Networks Skim Over White House Oil Claim: 'Vast Majority' of Spill is Gone

A president with close ties to an oil company helping hide the magnitude and damage of an oil spill would be big news, if he were a conservative. But it seems even when the environmentalists and the left are upset over President Obama's handling of the Gulf oil spill, the national news media barely notice.

On Aug. 4, Obama administration energy adviser Carol Browner said, "The vast majority of the oil has been contained, it's been burned, it's been cleaned." Officials said that 75 percent of the oil had been "captured, burned off, evaporated or broken down in the Gulf of Mexico," according to CBSNews.com.

That night two of the three network evening shows reported the widely disputed claim without question. Only NBC "Nightly News" included any people skeptical of the White House claim. The networks have only aired a few reports about scientists disputing the claim, and have ignored liberal outrage.

"[T]onight on these beaches some good news and relief," Matt Gutman told "World News" viewers. "A new government report says that 75 percent of that oil has been cleaned up either by man or Mother Nature. And it now seems this war against this oil is coming to an end."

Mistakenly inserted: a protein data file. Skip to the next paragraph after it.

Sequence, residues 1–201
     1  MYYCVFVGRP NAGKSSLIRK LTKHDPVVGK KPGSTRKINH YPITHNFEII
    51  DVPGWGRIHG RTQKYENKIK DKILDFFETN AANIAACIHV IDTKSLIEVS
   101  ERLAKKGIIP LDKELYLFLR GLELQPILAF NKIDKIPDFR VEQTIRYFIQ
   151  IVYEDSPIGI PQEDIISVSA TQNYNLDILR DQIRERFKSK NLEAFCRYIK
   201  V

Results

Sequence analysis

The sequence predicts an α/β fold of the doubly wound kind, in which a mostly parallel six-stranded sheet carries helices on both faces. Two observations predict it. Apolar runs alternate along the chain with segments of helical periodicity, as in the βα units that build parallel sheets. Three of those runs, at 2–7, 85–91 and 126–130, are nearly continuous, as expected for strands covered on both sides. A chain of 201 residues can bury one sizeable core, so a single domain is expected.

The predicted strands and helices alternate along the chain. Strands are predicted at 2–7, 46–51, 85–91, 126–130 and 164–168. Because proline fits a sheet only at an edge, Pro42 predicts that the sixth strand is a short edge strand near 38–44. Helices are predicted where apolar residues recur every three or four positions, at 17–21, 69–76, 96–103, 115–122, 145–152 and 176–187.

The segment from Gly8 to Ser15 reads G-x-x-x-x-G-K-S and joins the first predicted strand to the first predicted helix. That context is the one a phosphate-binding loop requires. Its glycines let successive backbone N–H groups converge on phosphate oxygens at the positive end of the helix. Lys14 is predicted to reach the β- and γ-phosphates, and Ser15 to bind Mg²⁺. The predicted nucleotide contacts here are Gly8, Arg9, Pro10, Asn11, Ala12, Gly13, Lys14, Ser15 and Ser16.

Gutman's report on the success of the oil cleanup included President Obama and Browner, but not a single person who disagreed with the White House claim. The Boston Globe reported Aug. 20, that Woods Hole Oceanographic Institution mapped a 22-mile-long underwater oil plume back in June. Other scientists at University of Georgia estimate that 70 to 79 percent of the oil from the leak remains, contrary to the White House assertion.